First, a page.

More and more countries have turned away from the death penalty. Since 1976, 75 nations have struck down capital punishment for all crimes, according to Death Penalty Information Center. Others have abolished the death penalty for “ordinary crimes” but allow it only for exceptional crimes or those committed in exceptional circumstances.
In all,144 countries no longer impose the death penalty either through their laws or in practice, Amnesty International reports. (On the other hand, these are the 18 countries still enacting the death penalty.)
To find which countries have abolished the death penalty and when, 24/7 Wall St. referenced the Death Penalty Information Center. Countries are ordered chronologically by when they completely abolished the death penalty.
Portugal was the first in the wave of countries that abolished capital punishment beginning in 1976. The latest nation to make the same move was Papua New Guinea, which took the death penalty off the books just this year.
Nearly all European countries have abolished the death penalty. And though Russia retains it, there has been a moratorium on executions there since 1996-1997. Belarus is the only Eurpoean country that fully retains capital punishment, even recently adding crimes to the list of those punishable by death.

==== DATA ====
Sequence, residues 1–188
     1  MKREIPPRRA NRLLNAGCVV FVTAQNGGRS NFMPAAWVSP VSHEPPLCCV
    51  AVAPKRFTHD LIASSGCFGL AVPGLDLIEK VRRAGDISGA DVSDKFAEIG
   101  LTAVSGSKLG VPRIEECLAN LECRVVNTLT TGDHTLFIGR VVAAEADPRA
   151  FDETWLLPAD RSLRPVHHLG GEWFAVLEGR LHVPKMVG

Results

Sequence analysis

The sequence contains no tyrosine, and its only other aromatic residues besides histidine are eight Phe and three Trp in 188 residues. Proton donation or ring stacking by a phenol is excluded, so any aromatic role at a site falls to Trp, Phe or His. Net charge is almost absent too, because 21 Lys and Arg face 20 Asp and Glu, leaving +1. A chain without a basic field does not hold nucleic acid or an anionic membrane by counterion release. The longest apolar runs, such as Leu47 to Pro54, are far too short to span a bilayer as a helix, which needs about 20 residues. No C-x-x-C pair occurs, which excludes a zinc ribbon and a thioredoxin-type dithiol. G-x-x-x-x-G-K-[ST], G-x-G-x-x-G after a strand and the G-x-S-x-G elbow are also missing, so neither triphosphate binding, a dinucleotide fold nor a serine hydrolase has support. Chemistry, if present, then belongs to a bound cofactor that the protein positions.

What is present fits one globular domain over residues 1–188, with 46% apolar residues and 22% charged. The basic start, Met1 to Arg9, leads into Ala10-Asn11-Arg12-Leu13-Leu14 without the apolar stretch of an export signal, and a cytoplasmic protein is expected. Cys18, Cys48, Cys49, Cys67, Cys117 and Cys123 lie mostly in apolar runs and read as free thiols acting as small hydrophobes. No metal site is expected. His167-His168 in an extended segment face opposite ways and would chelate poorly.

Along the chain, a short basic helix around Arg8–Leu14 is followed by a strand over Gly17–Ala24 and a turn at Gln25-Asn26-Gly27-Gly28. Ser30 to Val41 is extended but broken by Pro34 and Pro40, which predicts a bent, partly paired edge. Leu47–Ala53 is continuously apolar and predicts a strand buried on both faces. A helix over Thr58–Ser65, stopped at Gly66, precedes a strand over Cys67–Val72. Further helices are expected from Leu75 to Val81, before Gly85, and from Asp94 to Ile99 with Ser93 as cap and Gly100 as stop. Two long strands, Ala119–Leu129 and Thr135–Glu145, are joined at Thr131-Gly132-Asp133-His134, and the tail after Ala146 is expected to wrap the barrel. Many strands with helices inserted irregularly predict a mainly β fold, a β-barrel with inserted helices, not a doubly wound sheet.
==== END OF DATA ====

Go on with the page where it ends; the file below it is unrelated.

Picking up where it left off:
Many South American countries, too, have abolished capital punishment, though a few, such as Brazil and Peru have only abolished it for “ordinary crimes” and are not on the list. Many African nations, including Sierra Leone, Burkina Faso, and Congo, have also abolished the death penalty.
On the other hand, many Asian countries, including Japan, China, and India, as well as Middle Eastern countries such as Saudi Arabia, Egypt, and Qatar, retain the death penalty.
Similarly, and unlike its neighbors Canada and Mexico, the U.S. is not in the list. The federal government and the military permit capital punishment, though the Biden Administration has placed a moratorium on carrying out federal death sentences since July 1, 2021.
In addition, each state can decide whether to impose the death penalty by legislative action. Between 2009 and 2021, New Mexico, Illinois, Connecticut, Maryland, New Hampshire, Colorado, and Virginia have removed the death penalty from their laws. In total, 23 states have no death penalty, while 27 retain the death penalty, though three – California, Oregon, and Pennsylvania – have a moratorium. See the states with the most people on death row.
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